Several community members emphasized the need for more transparency from MCPS as the process moves forward.
“My question is: When is the board going to take this information, make recommendations and truly involve the community in the process and not kind of push it through quickly,” a parent, who did not identify himself, asked. “There needs to be a fair process after the data is presented.”
MCPS Chief Financial Officer Andy Zuckerman responded that, to his knowledge, the school board does not intend to do a countywide redistricting. Instead, he said, the WXY report will become a “reference document” as the board undertakes routine boundary studies that generally occur after a school is built or an addition is built onto an existing school.
Another community member questioned how the boundary analysis, and any changes that happen as a result, will improve students’ academic performance.
Zuckerman said the analysis is to gather data, not to analyze any specific boundary changes. Rather, it is to view schools largely through a “facility and utilization lens.”
“We also don’t want students in overcrowded schools, so the question is how to best relieve overutilization, and that’s what drives a lot of our decision making from a facilities perspective,” Zuckerman said. “That’s the tangible benefit. How that translates to student achievement is a different story. … There are factors that are not emphasized in this study because of the policies we’re using to guide this study.”
Some of the same topics were raised during the question-and-answer session in the cafeteria, including questions and criticism about transparency and the intent of the review.
Some participants asked about plans to include students’ voices in the process, how a child’s “nearest” school is determined, and how MCPS and its consultant are addressing public misinformation. Questions drew varying amounts of applause.
One woman said people are speaking out in protest about the analysis not because they are afraid of change or are confused, but because they have lost confidence in Superintendent Jack Smith and the MCPS staff.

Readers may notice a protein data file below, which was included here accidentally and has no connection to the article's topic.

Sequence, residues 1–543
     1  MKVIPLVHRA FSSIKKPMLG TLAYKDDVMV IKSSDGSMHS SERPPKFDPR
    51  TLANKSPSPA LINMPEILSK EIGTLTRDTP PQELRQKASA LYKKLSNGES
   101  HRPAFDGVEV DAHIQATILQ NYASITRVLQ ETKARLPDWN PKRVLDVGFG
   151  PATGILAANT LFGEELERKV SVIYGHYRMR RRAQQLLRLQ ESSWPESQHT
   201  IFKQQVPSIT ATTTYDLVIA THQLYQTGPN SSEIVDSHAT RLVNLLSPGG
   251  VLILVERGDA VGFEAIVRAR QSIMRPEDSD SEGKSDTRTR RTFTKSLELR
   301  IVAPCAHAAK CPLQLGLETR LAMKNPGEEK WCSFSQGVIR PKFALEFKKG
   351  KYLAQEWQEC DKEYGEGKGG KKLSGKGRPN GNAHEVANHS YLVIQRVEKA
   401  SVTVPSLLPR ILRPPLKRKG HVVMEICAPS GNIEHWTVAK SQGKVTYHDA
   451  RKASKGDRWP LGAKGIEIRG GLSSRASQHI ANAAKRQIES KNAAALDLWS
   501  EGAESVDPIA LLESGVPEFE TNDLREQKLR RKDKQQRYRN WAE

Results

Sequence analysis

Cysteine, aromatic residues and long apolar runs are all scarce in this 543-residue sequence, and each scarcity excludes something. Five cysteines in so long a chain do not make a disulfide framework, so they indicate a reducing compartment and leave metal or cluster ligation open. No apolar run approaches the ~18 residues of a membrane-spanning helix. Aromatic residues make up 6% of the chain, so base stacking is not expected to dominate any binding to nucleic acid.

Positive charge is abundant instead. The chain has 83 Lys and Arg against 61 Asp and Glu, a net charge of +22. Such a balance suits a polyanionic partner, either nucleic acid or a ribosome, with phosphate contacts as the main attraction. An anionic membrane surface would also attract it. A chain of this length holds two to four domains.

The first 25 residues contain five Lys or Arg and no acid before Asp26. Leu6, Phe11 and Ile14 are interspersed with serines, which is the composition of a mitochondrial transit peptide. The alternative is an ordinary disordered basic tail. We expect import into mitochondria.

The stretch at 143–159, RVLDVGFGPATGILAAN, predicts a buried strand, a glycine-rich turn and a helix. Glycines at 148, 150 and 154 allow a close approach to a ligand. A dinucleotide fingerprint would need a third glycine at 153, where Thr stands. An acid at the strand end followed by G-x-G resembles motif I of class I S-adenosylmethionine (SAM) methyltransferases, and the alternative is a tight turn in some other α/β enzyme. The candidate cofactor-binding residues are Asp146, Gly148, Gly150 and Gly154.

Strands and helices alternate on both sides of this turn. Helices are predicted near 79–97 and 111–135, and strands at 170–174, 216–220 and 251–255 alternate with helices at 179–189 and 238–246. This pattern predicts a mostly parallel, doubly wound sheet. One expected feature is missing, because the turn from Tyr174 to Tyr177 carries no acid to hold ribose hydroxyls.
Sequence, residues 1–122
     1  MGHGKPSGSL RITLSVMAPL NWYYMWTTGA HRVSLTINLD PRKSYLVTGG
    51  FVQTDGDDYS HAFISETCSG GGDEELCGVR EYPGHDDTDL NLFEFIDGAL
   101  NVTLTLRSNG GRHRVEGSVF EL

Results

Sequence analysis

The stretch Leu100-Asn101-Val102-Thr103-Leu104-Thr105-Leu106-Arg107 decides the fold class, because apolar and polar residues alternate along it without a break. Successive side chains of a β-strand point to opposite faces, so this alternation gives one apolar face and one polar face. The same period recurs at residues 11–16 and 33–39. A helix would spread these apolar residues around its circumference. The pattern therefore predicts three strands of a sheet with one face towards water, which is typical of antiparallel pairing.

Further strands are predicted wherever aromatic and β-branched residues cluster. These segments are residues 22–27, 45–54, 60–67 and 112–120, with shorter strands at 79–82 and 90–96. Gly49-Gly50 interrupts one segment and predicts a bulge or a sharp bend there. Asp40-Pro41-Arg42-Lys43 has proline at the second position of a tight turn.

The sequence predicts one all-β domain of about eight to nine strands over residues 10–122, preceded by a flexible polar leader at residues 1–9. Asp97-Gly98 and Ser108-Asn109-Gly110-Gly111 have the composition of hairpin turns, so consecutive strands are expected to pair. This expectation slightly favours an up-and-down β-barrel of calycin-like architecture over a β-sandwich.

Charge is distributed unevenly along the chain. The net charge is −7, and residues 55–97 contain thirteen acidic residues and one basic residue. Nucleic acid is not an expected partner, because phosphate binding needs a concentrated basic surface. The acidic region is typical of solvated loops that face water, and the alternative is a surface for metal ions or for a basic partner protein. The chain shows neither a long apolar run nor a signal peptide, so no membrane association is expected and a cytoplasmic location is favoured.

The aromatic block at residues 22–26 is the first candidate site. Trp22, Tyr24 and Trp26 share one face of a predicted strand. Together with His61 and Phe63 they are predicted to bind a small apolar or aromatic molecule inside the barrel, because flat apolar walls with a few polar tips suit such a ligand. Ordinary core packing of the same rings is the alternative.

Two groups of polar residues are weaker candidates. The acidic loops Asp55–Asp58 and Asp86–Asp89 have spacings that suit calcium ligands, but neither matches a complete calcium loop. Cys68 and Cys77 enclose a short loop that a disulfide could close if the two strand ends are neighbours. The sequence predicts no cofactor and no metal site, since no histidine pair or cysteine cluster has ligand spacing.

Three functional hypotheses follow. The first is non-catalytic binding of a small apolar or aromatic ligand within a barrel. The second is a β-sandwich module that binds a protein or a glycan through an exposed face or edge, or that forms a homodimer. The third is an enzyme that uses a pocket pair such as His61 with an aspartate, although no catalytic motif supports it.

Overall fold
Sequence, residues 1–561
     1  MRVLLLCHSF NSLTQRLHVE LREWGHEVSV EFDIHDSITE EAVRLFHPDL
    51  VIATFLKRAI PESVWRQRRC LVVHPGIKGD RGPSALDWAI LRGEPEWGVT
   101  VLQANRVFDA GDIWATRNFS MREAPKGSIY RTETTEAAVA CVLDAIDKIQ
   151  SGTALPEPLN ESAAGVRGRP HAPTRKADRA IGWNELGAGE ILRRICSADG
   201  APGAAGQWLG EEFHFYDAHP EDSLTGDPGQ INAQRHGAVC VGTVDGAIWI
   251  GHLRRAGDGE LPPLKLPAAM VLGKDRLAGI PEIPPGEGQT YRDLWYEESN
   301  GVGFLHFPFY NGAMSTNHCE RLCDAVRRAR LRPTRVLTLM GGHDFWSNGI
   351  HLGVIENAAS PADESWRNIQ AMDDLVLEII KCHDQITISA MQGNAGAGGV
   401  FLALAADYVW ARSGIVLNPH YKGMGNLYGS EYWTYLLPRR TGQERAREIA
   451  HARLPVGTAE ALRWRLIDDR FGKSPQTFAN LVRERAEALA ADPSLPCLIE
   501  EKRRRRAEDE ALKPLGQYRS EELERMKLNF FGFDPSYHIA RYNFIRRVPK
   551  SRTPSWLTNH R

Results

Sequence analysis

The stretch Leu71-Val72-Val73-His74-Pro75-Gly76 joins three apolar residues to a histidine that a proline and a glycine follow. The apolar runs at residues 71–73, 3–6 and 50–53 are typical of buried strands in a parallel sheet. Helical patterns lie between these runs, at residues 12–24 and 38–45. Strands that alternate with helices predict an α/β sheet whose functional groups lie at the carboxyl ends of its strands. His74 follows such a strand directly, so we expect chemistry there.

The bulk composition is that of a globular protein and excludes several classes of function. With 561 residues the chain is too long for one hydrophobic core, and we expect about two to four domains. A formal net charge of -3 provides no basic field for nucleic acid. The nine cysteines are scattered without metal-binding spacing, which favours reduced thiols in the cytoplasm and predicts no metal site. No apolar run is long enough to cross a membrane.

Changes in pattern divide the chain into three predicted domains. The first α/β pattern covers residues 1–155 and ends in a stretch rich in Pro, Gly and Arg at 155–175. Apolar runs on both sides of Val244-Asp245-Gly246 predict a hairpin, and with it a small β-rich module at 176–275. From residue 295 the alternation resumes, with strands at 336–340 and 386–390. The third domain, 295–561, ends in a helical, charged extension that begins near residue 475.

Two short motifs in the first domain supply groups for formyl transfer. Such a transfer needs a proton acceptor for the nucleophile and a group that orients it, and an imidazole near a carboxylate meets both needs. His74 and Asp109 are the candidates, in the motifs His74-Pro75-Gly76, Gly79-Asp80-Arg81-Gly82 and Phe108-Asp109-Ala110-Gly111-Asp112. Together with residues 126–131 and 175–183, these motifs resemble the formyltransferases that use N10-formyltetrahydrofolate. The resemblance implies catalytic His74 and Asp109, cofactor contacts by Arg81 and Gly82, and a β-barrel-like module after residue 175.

One mother said collecting data is great, but there needs to be more of a focus on the social and health ramifications of moving children out of their neighborhoods to go to school elsewhere. She said children will be tired from longer bus rides and their mental health will suffer.
Another participant said the boundary analysis is a waste of money that isn’t addressing key issues related to children, such as how to cut drug use, adding: “These studies need to stop.”
Brian Orgen of Bethesda, who lives in the Walt Whitman High School cluster, asked what problems MCPS and consultants are trying to solve and how the data would be used. Or, he wondered, is it just an intellectual exercise?
Orgen said in an interview later that questions to study should be clear first, before an attempt to gather data to answer them.
Moira Ratchford, who lives in Wheaton and has a daughter who attends Albert Einstein High School, said during the question-and-answer period that such a long time has passed since the boundaries were evaluated, and so much has changed in the county, the analysis is needed.
The alternative, she said, might be “consigning us to ignorance.”
Managing Editor Andrew Schotz contributed to this story
Caitlynn Peetz can be reached at email@example.com